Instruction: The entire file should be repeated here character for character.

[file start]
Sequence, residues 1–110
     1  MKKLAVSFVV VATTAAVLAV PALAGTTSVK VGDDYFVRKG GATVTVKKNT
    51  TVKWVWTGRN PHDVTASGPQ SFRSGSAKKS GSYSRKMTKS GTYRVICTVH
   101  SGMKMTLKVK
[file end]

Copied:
Sequence, residues 1–110
     1  MKKLAVSFVV VATTAAVLAV PALAGTTSVK VGDDYFVRKG GATVTVKKNT
    51  TVKWVWTGRN PHDVTASGPQ SFRSGSAKKS GSYSRKMTKS GTYRVICTVH
   101  SGMKMTLKVK